The dish on gossip: Its origins, functions, and bad reputation

Even though gossip is most often associated with adults and adolescents, sociologist Gary Alan Fine (1977) has observed that children begin to gossip about as soon as they begin to speak, and it is clearly a way in which they learn about the social world. By gossiping about the experiences of their peers, children and adolescents learn what is and is not appropriate in a wide range of social situations, from the type of clothing one should wear to school, to how to behave on a first date (Fine, 1977). Other research has noted that the creation of peer culture is not a passive process whereby children attempt to reproduce adult culture, but an active process that involves negotiating and resisting social roles and cultural categories (Gaskins, Miller, & Corsaro, 1992). Importantly, the creation of peer culture comes about largely through children’s peer talk, which of course includes gossip – something that plays a key role in conflict negotiation and the establishment of status within the peer group (Kyratzis, 2004).

Finally, as mentioned previously, gossip can also tell us information about ourselves, and it does this through the process ofsocial comparison. According to social comparison theory (Festinger, 1954), people have a fundamental desire to evaluate their abilities and opinions, and when objective evaluations are not possible, people will compare their abilities and opinions with similar others, in order to get a sense of where they stand. For example, if I want to get a sense of how sociable or popular I am (for which an objective measure may be hard to find), I might compare the number of Facebook friends I have with those of my peers. According to Sarah Wert and Peter Salovey, all gossip involves social comparison. Whereas direct comparisons with others can lead to awkward moments or tension (for example, you wouldn’t want to ask a friend how much money she makes, or how many men she has slept with), gossip allows us to compare ourselves with others in an indirect manner, gathering information about our peers from other people, and thereby avoiding the risks involved in direct comparisons (Wert & Salovey, 2004).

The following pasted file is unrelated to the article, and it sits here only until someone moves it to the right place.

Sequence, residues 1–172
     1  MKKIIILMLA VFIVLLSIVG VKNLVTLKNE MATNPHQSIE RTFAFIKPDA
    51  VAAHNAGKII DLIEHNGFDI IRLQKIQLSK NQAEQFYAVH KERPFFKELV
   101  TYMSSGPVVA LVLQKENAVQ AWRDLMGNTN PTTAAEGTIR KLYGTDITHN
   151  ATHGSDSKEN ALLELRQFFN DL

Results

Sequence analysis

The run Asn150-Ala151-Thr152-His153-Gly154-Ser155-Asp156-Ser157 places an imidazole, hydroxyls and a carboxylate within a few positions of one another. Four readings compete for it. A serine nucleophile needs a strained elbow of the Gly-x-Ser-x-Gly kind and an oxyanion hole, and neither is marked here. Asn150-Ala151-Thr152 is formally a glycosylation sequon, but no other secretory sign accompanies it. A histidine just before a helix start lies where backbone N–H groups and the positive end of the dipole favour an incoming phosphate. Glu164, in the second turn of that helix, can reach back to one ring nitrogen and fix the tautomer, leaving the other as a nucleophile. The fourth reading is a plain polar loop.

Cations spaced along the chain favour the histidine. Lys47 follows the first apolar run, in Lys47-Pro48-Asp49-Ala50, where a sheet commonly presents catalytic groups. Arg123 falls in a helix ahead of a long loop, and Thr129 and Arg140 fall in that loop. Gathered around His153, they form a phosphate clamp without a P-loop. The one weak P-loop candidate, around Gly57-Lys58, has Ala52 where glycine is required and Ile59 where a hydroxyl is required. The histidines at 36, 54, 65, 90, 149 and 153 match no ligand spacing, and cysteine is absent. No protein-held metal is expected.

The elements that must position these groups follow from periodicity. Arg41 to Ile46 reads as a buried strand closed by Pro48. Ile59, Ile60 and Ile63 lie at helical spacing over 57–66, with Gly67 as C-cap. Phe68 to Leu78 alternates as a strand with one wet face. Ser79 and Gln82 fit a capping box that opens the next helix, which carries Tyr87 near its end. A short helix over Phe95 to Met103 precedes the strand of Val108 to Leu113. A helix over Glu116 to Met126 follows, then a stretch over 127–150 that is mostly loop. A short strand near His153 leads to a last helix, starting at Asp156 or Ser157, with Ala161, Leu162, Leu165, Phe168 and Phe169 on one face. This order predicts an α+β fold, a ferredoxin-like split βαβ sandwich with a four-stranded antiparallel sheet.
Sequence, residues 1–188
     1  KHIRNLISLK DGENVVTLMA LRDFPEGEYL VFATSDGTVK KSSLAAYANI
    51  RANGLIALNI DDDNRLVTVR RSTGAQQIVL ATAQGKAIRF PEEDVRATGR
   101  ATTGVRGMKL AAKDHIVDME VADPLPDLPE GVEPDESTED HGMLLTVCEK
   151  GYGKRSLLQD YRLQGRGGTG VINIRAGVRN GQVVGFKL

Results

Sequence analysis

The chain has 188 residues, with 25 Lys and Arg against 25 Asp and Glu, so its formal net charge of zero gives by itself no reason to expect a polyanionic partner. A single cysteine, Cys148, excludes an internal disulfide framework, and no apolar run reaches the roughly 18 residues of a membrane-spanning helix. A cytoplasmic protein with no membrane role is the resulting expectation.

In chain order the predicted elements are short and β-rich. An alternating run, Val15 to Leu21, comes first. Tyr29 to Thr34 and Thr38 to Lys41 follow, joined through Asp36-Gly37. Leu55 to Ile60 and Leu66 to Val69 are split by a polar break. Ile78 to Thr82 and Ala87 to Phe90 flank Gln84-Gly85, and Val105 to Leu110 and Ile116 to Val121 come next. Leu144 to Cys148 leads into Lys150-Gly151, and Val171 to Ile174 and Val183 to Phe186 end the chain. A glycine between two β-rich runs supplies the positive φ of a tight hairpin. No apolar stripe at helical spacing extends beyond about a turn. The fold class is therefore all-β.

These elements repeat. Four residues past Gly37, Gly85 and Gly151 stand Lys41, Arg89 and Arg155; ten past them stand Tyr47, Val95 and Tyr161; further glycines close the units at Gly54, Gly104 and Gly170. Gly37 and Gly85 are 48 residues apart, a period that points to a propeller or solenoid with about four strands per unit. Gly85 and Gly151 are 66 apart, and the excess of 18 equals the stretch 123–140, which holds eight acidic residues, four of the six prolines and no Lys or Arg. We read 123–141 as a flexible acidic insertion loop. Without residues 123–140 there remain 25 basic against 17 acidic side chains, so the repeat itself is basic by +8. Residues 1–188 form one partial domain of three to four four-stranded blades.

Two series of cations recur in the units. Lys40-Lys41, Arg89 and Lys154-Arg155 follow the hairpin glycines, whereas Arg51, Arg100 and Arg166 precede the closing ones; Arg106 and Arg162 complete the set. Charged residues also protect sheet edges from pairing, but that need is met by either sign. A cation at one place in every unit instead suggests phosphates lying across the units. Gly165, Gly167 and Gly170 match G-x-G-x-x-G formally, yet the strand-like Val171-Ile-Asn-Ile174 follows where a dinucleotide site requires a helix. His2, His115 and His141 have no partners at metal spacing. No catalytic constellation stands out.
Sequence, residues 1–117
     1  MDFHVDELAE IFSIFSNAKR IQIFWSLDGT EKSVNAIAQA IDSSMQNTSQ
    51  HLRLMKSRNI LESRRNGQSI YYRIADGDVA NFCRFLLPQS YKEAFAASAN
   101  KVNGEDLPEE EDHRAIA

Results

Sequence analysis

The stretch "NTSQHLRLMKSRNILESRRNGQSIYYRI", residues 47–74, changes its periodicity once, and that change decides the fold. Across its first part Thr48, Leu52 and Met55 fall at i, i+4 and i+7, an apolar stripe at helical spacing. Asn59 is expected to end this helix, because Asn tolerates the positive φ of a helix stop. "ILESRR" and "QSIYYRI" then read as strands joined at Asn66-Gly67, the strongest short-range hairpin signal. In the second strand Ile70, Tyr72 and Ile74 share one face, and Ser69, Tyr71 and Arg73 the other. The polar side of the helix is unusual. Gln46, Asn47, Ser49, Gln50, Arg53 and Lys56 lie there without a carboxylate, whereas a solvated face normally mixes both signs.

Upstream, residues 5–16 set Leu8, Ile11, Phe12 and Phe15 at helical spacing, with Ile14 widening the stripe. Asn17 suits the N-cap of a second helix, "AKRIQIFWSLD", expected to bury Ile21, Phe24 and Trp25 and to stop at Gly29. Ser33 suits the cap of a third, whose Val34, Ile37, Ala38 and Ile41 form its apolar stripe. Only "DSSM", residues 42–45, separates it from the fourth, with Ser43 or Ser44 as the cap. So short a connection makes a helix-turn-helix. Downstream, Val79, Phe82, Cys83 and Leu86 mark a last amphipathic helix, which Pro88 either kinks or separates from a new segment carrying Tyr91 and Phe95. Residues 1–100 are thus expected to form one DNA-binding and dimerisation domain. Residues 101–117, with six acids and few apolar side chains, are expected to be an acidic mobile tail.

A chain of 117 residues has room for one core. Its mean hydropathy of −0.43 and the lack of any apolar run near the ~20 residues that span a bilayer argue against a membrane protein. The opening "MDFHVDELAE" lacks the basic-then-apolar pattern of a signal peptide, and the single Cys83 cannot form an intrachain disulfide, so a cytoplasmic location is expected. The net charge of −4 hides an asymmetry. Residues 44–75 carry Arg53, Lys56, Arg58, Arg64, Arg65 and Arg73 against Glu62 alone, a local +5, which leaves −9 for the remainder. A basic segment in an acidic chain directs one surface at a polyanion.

Connectedness functions

Connectedness functions refer to those functions of gossip that help individuals obtain acceptance and liking from important individuals and groups (Smith & Mackie, 2007). Gossip helps us connect by strengthening bonds between gossip-tellers and receivers (in the case of face-to-face gossip), and also by creating a web of shared knowledge and entertainment (in the case of celebrity gossip, which may travel from one source to millions of people).

article author(s)